If you are new to visiting the city then getting around London can initially seem like an overwhelming task. Once you have found the best cheap flights, have landed in England and made your way to the city centre, it’s time to explore. London has an extremely comprehensive public transport network but knowing which method of transport is best, how to pay for them and the practicalities of using them to get to and from various locations across the city can certainly be daunting if you don’t know what you are doing.
Luckily, we have put together some top tips to get you started and to help you feel more confident about discovering London with ease:-
Choose your travel time wisely
This is particularly key if you aren’t familiar with London or the public transport system as commuter hours can be extremely busy, especially the tube. Between 7am and 9am, 5pm and 7pm, it is usually busiest so if it is possible to avoid travelling at this time then do so, particularly if you are trying to travel with luggage in tow.
Trains become crowded with people squeezing into the smallest gaps, it can be a nightmare to get on and off and platforms can be difficult to navigate. If you are unsure and want to take your time with working out which train you need to be catching, and which direction you want to head in, then try to avoid venturing onto the tube at these times.
Keep your luggage safe on your trip
London gives a distinctive presentation of convention cityscape and profound historical sights. Popular for its diversity, the city gives a moving note to numerous universal influencers. Also, as you might want to appreciate all of its front line design and popular culture, parking your bags in the expert hands of services like luggage storage in London will turn out to be the best decision instead of dragging your luggage in London.
Stick to the rules
It might seem a little over the top but things will go a lot more smoothly if you try to blend in and stick to the written and unwritten rules, especially when travelling on the tube. This means things like standing to the right when travelling on the escalator or sticking to the right hand side when walking up and down stairs to allow those who want to go faster to come past you.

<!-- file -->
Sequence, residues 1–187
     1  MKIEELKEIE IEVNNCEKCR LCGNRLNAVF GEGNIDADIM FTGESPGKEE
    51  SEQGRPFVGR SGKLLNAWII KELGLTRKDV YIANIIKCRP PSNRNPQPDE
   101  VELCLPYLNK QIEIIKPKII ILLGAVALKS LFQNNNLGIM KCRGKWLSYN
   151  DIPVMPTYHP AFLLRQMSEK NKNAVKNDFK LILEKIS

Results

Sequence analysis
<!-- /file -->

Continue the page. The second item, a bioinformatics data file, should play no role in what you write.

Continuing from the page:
It also means having your ticket or travel pass ready and in your hand as you approach the ticket barriers. Whatever you do, don’t wait until you reach the barrier before searching in your pockets or hunting through your bag to find your ticket, you will quickly cause a queue to build up behind you and will have a lot of disgruntled and annoyed Londoners breathing down your neck.
Walk when possible
Although there are ways to save money when using public transport (more on that in a minute), it can also be pretty expensive if you are hopping on and off tubes and buses constantly throughout the day. Don’t fall into the trap of assuming you need to catch the tube to get anywhere in the city; the tube map is not to scale and many tube stations are actually located within a very short distance of one another.
On top of that is the fact that a number of attractions and landmarks are actually within walking distance of one another. Truly, one of the best ways to really see London is to explore on foot so don’t be afraid to skip the bus and walk instead.
There are also a number of apps which you can download to help you with navigating around the city on foot and you may find these useful if it is your first time in London. Many can be used offline as well so you don’t need to worry about excessive data charges if you are an international visitor either.
As we mentioned above, using public transport to get around London can be a costly business but there are ways to save money. One of the best options is to get a Visitor Oyster Card. These are prepaid cards which you swipe every time you pass through a tube station or board a bus; it costs £5 for the card which you can get back if you return the card at the end of your trip and you can also get a refund on any credit leftover at the end as well.
Best of all is that the amount you will pay in one day using an Oyster card is capped; once you reach that cap you won’t pay anything else for your travel and it just resets the following day. You can order a Visitor Oyster Card in advance of your trip or buy one from most tube stations once you have arrived in the city.
Things to bear in mind
We’ve covered the basics above but there are just a couple of other things which are worth bearing in mind when you are looking to travel around London. The first thing is to plan your route out in advance; you will only mark yourself out as a tourist if you stand staring at a tube map in the middle of the station. Spend some time before you leave making a note of which line you need and where you are going and you won’t need to hesitate.
Additionally, and something which is important to know if you are travelling with luggage, is that a number of London’s tube stations only have stairs. This number is decreasing gradually but there are some tube stations which don’t have lifts or escalators which can be a nightmare if you are travelling with large or bulky suitcases. You can check out in advance which stations these are and make a note so that you know to avoid them where possible.
This also applies for anyone travelling with young children who may have a pushchair; avoid these stations as much as you can and your journey should be a lot smoother.